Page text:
St. Paul, MN, Oct. 13, 2008 — Michelle Obama was in Minnesota
campaigning on behalf of her husband at a rally held at Macalester
College that drew thousands of students, volunteers, local DFL
candidates and voters of all ages.
Michelle talked about her middleclass upbringing and her hardworking parents who wanted nothing more than to provide for their family and give their children more than what they had—a good college education to achieve the American Dream. She talked about Barack’s background: how he was raised by a single parent and how his mother struggled to provide for her family, sometimes taking food stamps to make ends meet.
“Barack had said from the beginning that this election is not about him; it was never about him. This election is about you all,” Michelle said pointing to the crowd.
“The issues in this election is not just politics, it’s personal for all of us.”
She said that Barack understands because he has lived it; from healthcare issues he faced with his mother, to growing up with a single parent and not having much, to taking on student loans to get an education.
“Barack gets it,” she said.
Michelle said that only one candidate has the experience and perspective of everyday, middleclass folks: Barack Obama. She said that Barack has given this election everything he’s got and will continue to do so until the very end but he cannot get the job done on his own.
“This is where we come in. The rest of it is on us. Help us get out the vote and this time let’s send a leader to Washington who gets it. Vote Barack Obama for the next President of the United States of America!” Michelle said.
Attendees to the rally were greeted at the entrance by R.T. Rybak, Mayor of Minneapolis, and Al Franken, Democrat comedian-turned politician who is running for the Minnesota US Senate office.
Addressing the crowd, Amy Klobuchar, Minnesota State Senator, told the crowd that Barack Obama is “cool, collected and steady at the helm”, and that it was time to put the future of this country in his hands. Also in attendance were St. Paul’s Mayor, Chris Coleman and other local DFL candidates.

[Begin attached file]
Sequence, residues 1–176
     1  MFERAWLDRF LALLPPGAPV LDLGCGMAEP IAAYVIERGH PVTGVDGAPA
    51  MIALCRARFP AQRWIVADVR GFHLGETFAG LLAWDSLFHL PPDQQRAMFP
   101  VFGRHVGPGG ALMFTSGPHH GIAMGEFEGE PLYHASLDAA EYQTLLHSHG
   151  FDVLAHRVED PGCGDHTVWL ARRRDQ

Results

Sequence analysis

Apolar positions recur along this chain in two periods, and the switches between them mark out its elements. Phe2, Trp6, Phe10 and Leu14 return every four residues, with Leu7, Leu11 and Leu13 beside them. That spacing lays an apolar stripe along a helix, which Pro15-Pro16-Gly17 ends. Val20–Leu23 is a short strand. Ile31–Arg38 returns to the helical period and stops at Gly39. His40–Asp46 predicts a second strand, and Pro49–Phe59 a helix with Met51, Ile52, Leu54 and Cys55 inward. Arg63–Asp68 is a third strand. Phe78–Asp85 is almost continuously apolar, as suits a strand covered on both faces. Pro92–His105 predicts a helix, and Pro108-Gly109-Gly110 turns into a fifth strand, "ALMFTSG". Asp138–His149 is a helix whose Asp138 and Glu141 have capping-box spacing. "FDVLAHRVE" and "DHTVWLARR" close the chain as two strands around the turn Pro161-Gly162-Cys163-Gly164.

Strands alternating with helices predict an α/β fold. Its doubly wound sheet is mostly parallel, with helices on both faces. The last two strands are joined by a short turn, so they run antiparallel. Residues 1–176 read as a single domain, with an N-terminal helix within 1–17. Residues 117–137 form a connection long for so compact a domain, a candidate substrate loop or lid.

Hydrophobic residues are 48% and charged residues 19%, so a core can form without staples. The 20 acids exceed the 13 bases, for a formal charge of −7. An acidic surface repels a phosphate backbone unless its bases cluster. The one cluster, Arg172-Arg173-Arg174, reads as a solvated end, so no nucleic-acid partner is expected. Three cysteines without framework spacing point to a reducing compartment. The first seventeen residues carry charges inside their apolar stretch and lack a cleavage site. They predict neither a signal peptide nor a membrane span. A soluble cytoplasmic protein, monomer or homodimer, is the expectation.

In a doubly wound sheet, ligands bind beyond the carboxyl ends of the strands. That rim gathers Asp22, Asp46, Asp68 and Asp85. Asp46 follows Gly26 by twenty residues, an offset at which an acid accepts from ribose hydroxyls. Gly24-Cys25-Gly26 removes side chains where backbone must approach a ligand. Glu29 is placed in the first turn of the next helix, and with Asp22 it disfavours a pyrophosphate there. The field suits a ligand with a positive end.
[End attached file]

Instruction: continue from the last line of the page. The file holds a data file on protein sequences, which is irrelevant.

The Obama Campaign district leaders reminded the crowd that “each one of us has the awesome capacity to bring about change,” and that with a few more weeks to go, volunteers are needed more than ever to help make calls and knock on doors to Get Out the Vote.
“We do not want to wake up on November 5th and think that we could have done more,” one campaign volunteer said. Audience members were asked to take out their cell phones and text “MN 62262” to family and friends to get them connected to the campaign.
Minnesota teenager, Natalie Miller, introduced Michelle Obama to the stage. Miller talked about her family’s encounters with health problems including the cost of care. She said that she [a kid] worried about how much her illness was costing her parents and believed that it was her fault that her parents were accumulating so much debt. “People dealing with health problems should be worrying about getting well, not how much it is going to cost,” Miller said.
According to Obama for America, the official website of Barack Obama 2008 Presidential Campaign, Barack believes that if Americans can put an end to partisan politics, bring people together, and recognize that what unites us is greater than what divides us—then we can make fundamental change possible in this country. Whether it is ending the Iraq war, providing universal health care, making college tuition more affordable, placing a quality teacher in every classroom, or expanding economic opportunity in urban areas and making “equal justice under the law” a reality for every citizen, one can have confidence in the courage, sound judgment, and leadership of Barack Obama.